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One of the criticisms leveled at Apple is that it sells its products to the fanboys and early adopters, not so much to a mass audience. The strong sales numbers reported in the company’s most recent earnings seem to refute that, and Chief Operating Officer Tim Cook argued that’s specifically untrue in the case of Apple’s new device, the iPad.
“It’s beyond an early adopter stage already,” Cook said. He didn’t offer many specifics to back that up, instead saying it’s based on “watching” who’s buying and using the devices. He called the uptake of the iPad by a general audience “the fastest that has happened in any product I know of or have ever been involved with.”
Sales of the iPad do seem to be beating analyst estimates, with 3.27 million sold by June 26, the end of the last fiscal quarter. That’s more than Apple expected — Cook said the company’s internal sales projections of 1 million iPads per month (the device launched on April 1) seemed “very bold.”
One sign that Cook may be right about the iPad’s broad appeal is the fact that the iPad is currently being tested for use within 50 percent of the Fortune 100 companies, which is not exactly an early adopter group.
Analysts also asked Cook about whether the iPad could have a “halo effect,” where people who buy iPads might then be inclined to buy other Apple devices like Macs or iPhones. That’s impossible to predict, he replied, but it did happen with iPods. And the company spends more time thinking about possible synergies between its products than whether the iPad might cannibalize sales of other devices like Macs, he added. And even if the iPad does cannibalize sales of higher-end devices, the Mac only has a small share of that market, and there are many more Windows PCs that it could be stealing an audience from.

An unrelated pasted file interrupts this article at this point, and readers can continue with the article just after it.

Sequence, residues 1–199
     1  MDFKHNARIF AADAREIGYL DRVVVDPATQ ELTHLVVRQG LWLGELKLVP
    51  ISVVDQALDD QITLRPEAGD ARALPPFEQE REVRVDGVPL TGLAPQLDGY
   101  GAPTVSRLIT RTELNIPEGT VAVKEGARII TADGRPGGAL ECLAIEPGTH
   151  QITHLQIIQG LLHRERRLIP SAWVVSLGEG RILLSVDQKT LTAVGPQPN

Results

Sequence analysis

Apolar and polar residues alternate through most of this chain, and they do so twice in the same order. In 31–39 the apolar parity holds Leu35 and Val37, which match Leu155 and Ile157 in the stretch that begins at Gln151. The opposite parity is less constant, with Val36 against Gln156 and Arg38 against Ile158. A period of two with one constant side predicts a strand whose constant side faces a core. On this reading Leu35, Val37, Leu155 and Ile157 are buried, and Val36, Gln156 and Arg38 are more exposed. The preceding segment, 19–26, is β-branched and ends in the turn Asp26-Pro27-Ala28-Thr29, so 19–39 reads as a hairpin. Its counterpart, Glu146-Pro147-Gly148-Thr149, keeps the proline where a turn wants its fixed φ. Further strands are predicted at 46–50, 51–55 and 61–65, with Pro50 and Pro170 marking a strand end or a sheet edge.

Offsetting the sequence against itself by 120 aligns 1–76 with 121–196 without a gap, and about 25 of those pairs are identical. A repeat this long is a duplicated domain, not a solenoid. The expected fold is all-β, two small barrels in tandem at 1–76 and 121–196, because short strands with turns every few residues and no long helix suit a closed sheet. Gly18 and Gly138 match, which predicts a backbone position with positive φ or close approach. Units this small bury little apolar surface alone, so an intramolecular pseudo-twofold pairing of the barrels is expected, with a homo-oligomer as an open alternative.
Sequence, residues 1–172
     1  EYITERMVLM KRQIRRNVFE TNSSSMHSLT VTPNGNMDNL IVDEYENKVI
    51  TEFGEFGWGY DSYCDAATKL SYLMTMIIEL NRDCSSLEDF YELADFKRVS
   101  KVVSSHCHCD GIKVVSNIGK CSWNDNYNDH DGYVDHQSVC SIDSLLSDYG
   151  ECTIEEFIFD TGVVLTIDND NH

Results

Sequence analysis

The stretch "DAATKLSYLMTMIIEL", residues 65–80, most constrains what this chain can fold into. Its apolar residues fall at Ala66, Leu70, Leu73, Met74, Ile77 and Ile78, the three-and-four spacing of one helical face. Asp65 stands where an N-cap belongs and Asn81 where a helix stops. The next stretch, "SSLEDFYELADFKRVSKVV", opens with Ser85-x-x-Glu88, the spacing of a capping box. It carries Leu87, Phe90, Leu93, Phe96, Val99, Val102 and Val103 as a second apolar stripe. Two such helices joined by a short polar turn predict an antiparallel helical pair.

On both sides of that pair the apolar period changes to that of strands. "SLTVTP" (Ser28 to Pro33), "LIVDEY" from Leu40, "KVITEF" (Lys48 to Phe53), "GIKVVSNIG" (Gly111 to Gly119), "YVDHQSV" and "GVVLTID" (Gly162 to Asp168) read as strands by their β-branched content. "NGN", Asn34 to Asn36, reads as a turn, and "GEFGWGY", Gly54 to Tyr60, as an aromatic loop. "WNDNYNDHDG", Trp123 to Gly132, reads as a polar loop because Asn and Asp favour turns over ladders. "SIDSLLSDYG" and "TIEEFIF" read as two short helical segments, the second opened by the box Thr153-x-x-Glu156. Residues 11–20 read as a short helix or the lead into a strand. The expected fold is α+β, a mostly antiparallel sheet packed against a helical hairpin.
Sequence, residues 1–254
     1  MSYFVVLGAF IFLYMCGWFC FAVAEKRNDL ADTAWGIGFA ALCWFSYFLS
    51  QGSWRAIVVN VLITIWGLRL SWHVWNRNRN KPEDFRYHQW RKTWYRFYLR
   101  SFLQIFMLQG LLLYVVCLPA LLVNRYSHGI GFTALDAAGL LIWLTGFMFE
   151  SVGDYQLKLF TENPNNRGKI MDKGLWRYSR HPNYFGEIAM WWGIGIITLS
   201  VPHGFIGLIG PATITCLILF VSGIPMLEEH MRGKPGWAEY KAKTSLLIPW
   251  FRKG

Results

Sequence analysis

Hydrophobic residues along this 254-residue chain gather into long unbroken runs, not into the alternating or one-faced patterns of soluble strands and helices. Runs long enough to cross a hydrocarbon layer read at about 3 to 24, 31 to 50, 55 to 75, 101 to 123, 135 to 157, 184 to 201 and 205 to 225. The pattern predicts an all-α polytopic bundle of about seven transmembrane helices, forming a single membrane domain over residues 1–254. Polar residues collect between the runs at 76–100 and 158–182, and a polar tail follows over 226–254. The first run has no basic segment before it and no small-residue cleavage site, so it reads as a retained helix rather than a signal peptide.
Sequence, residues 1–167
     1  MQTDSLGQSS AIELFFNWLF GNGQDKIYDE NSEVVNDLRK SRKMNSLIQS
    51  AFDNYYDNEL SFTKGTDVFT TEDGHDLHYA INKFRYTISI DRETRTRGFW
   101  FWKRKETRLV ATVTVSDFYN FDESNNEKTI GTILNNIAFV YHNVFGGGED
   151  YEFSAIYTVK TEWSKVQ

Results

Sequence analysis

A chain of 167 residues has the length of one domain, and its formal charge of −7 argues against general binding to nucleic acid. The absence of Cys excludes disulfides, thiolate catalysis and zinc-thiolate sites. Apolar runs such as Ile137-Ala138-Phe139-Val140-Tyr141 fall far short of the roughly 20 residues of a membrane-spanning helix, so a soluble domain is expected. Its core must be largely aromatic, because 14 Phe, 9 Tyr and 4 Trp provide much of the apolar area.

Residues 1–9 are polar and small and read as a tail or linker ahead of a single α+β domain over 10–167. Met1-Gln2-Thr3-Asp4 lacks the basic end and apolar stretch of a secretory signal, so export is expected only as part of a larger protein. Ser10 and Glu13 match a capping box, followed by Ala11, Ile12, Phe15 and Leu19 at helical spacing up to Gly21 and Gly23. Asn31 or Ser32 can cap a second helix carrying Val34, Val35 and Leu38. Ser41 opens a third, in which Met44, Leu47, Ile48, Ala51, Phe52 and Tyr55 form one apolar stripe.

“This is where it’s great to have a lower share,” Cook said. “If iPad cannibalizes PCs, I think it’s fantastic for us.”
Meanwhile, in the short-term, Apple is still struggling to meet the demand for both the iPad and the iPhone 4. Cook rejected speculation that Apple deliberately arranges for shortages to increase the hype, and he said the company is working as fast as it can to change the situation. He didn’t offer a specific timetable on when the shortages would end.
“We’re selling both of those products as fast as we can make them,” he said.
The fact that Apple can’t meet the current demand makes it hard to answer some of the analysts’ questions, like how large the total audience is for these devices, and also whether some potential iPhone 4 buyers have been turned off by complaints about the antenna.
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